Background: Traumatic spinal cord infarction was initially described in the era previous to the availability of MRI. This entity occurs in children and affects the thoracic spinal cord, usually presenting as a delayed cord injury. Patients have a high incidence of associated blunt thoracic or retroperitoneal trauma and arterial hypotension at admission. The described mechanism of injury is a traumatic occlusion of the aortic branches nourishing the spinal cord. It shares several characteristics with SCIWORA. In past years, the presence of this injury has received little importance.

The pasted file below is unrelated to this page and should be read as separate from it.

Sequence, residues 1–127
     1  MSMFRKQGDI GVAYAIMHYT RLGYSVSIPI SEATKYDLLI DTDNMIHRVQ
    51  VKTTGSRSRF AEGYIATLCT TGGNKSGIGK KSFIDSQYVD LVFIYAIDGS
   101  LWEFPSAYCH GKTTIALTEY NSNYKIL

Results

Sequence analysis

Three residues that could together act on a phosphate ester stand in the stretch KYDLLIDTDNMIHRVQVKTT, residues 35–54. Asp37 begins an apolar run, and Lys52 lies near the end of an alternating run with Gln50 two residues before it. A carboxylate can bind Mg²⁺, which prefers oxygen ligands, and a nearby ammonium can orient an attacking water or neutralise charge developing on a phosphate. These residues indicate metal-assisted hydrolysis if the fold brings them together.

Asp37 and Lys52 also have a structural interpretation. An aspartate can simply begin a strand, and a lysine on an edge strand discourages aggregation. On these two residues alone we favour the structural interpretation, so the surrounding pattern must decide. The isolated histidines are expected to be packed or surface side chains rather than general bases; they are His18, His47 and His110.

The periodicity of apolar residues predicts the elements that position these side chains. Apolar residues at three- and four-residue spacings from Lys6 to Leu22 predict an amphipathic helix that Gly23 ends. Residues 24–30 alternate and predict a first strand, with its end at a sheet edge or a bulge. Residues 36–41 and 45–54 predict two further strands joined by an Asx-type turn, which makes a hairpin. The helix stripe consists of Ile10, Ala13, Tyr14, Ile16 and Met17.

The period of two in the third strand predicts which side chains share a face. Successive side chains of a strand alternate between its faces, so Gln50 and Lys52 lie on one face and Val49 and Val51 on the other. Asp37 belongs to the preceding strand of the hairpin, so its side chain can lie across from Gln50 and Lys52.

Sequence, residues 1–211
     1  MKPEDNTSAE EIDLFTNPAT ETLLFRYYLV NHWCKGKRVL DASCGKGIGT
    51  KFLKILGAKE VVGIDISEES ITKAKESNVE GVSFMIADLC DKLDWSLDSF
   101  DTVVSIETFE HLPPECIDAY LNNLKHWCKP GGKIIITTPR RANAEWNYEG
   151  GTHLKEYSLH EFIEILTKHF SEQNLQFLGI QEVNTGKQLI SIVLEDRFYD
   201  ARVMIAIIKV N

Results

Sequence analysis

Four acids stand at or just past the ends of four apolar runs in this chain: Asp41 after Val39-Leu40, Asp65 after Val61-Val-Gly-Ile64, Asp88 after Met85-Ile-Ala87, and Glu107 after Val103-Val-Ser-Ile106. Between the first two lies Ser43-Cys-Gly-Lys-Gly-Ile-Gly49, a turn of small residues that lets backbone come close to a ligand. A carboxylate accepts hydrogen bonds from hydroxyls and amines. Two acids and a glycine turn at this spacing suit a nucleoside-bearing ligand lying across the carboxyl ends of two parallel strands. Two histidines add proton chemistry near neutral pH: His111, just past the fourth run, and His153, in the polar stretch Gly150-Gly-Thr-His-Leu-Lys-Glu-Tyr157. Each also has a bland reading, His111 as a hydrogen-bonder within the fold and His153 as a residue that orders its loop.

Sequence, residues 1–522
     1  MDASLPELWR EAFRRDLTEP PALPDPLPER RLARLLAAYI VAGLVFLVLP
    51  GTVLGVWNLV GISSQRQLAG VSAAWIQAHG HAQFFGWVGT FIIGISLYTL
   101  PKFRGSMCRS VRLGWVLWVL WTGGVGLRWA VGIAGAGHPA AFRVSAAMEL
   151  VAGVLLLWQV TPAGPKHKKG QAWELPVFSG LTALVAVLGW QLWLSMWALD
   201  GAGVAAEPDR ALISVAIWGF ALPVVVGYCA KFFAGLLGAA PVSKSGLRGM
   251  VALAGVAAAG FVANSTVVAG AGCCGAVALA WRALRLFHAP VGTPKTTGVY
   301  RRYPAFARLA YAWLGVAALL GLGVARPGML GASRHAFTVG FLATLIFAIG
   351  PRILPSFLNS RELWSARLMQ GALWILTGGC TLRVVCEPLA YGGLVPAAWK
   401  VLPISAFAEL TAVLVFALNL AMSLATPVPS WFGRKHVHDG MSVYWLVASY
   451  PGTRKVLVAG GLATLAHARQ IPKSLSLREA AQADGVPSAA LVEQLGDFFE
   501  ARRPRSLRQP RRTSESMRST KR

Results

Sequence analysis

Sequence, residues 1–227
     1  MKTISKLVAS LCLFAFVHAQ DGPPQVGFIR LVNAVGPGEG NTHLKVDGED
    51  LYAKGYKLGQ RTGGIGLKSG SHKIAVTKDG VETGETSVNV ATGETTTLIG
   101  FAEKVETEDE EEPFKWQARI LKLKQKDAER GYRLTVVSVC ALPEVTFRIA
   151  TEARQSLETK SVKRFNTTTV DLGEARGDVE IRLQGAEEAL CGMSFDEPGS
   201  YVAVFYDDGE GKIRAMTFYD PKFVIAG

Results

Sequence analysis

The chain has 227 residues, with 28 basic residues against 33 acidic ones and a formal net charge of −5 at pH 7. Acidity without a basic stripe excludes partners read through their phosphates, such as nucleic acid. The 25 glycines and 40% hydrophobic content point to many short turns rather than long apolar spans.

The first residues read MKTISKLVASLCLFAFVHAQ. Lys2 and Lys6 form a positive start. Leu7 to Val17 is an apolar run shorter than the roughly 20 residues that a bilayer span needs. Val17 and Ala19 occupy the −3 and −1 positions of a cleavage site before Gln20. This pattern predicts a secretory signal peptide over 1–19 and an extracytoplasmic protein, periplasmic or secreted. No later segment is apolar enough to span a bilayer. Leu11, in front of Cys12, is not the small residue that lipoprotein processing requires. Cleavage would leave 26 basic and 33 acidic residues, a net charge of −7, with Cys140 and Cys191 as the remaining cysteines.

Case description: A 5-year-old boy suffered from high-energy blunt trauma over the thoracoabdominal area, presenting hypotension, retroperitoneal injury, and delayed complete thoracic SCI. An MRI showed spinal cord infarction located in the territory of AKA. During subsequent examinations, the boy did not show signs of neurological improvement.
Conclusion: It is important to include TSCIf in the diagnosis of children who present delayed SCI (hours to 4-5 days), especially if the injury is located in the thoracic cord and is accompanied by blunt thoracic or abdominal trauma. Because the conventional radiographic tests are normal, TSCIf can be considered as a special type of SCIWORA.